We can see that the quality and speed differs a bit. Taking into consideration the device size and price, some models get really good performance. Particularly face and vehicle detection looks really usable in real cases. Also the speed makes an impression, because models work in real or near-real time.

Software – our own Style Transfer models

However, the review seems to be incomplete by giving only a general view and intuition how useful the AI Kit can be. Nevertheless, as we are very inquisitive by our nature, we were curious how fast this device can be in comparison with different GPUs and CPUs configurations on the same deep learning model. For our luck, with the DepthAI library and the OpenCV AI Kit it is totally possible. We decided to use one of our Style Transfer models, convert it to a proper format (AI Kit requires models to be in a specific OpenVINO format, the detail can be found here) and compare the time performance. The whole process of conversion was a bit complicated and we encountered a few minor and major obstacles. However, we finally got a working model. The results can be seens in the figure below.

Tab. 2. Time [s] comparison with different GPUs and CPUs configurations.

Hardware 480×854 720×1280 1080×1920
OpenCV AI KIT OAK-1, OpenVINO 2020.1, FP16 0.992 s 2.650 s 5.618 s
Tesla V100 (CUDA 10.1, CUDNN 7),tensorflow 2.3.1, FP32 0.023 s 0.042 s 0.097 s
GeForce RTX 3070 (CUDA 11, CUDNN 8),tensorflow 2.3.1, FP32 0.046 s 0.072 s 0.204 s
GeForce GTX 1650 (CUDA 10.1, CUDNN 7),tensorflow 2.3.1, FP32 0.079 s 0.182 s 0.395 s
Intel Core i7-8750H 2,2 GHz 6-Core + Radeon Pro 555X Coreml 4.0, FP16 0.149 s 0.297 s 0.639 s
Ryzen 5 3600 4.2 GHz 6-Core,tensorflow 2.3.1, FP32 0.499 s 1.217 s 2.658 s
Intel Xeon E5-2686 v4, 2.3GHz, 8 out of 18 cores,tensorflow 2.3.1, FP32 0.724 s 1.647 s 3.949 s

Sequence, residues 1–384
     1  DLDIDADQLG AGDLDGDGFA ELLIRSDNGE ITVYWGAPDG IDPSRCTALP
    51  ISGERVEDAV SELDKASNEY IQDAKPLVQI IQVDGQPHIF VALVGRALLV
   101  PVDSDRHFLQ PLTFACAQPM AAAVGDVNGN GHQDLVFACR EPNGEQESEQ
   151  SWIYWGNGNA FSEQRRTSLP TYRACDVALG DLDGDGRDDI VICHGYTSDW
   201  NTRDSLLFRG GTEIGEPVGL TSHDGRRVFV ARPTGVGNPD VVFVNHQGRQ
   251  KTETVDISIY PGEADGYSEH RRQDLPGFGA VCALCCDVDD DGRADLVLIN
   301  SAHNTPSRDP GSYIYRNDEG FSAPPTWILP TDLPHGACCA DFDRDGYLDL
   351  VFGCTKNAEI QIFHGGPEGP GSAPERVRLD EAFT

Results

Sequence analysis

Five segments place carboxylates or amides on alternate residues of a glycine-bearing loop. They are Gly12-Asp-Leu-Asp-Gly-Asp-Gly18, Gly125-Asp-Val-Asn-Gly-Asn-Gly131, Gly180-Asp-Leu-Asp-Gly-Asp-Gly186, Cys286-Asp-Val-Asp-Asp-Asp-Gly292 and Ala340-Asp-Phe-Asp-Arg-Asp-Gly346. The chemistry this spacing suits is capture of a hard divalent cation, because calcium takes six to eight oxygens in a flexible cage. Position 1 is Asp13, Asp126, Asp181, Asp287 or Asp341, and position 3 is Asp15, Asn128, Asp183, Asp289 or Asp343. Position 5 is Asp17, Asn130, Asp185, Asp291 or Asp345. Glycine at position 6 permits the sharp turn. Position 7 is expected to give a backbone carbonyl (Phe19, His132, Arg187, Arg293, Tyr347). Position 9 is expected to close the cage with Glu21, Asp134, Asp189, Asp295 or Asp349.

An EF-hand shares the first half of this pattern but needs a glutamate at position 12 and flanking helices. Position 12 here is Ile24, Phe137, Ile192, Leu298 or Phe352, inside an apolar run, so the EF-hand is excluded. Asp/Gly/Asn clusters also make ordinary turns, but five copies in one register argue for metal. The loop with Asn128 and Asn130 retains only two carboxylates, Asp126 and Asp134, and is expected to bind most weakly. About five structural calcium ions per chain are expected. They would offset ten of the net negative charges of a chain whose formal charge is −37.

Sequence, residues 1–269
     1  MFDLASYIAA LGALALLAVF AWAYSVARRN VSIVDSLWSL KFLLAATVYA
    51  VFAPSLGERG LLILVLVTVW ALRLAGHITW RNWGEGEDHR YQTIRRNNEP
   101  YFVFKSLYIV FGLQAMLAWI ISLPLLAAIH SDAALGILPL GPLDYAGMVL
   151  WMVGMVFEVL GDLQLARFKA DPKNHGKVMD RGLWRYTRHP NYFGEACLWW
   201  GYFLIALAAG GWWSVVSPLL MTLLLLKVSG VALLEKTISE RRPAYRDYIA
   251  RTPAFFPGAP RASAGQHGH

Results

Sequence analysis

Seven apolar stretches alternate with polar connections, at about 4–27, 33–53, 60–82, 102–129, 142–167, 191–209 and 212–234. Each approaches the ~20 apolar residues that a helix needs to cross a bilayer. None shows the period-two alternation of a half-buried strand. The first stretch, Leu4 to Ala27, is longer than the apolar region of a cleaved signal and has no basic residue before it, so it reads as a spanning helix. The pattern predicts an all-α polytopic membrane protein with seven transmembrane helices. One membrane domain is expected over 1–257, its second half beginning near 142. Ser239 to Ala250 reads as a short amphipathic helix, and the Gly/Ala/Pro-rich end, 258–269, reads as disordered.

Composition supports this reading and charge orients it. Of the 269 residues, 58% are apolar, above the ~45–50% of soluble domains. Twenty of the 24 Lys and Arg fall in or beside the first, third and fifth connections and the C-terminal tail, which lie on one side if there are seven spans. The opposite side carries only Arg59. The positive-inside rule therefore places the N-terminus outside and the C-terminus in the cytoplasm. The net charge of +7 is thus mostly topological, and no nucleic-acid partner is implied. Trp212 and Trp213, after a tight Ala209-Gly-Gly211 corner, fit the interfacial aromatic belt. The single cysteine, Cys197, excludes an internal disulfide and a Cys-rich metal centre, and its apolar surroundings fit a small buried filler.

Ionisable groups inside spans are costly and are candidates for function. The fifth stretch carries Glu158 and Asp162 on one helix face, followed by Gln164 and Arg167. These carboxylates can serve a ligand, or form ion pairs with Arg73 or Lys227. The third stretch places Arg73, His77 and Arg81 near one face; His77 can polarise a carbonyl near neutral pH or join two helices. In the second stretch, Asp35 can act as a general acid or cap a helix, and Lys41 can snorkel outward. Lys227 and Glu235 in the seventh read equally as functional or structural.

Intel Core i7-8750H 2,2 GHz 6-Core,tensorflow 2.3.1, FP32 0.735 s 1.620 s 3.572 s
Intel Core i7-8750H 2,2 GHz 6-Core,Coreml 4.0, FP32 0.783 s 1.723 s 4.316 s
Intel Core i5-5200U 2.2 GHz 4-Core,tensorflow 2.3.1, FP32 1.789 s 3.759 s 8.830 s

We tested the same Style Transfer model on different hardwares including several CPUs and GPUs that we had access to. Tested resolutions were 480×854, 720×1280 and 1080×1920. All results are given in seconds. As we can see, OpenCV AI KIT is comparable to benchmarked CPUs. It is slightly slower than Intel Core i7 (On both tensorflow and coreml model versions), twice slower than Ryzen 5 and twice faster than Intel Core i5. It is also much slower (around 5-6 times) than the coreml version run on both CPU (Intel Core i7) and GPU (Radeon Pro 555X 4 GB) on MacOS. All benchmarked GPUs were an order of magnitude faster than OpenCV AI KIT which obviously was the expected result.

Low price, many applications

All in all, the product is fairly cheap and works really well in simple cases like face/pedestrian detection. It certainly can be used in some applications like automatic license plates reading or counting people in some areas. On the other hand, the time performance in more complicated cases like our stylization models is not enough to ensure satisfactory framerate on larger resolutions like 720p or 1080p. Perhaps after spending some time on optimization it could work faster.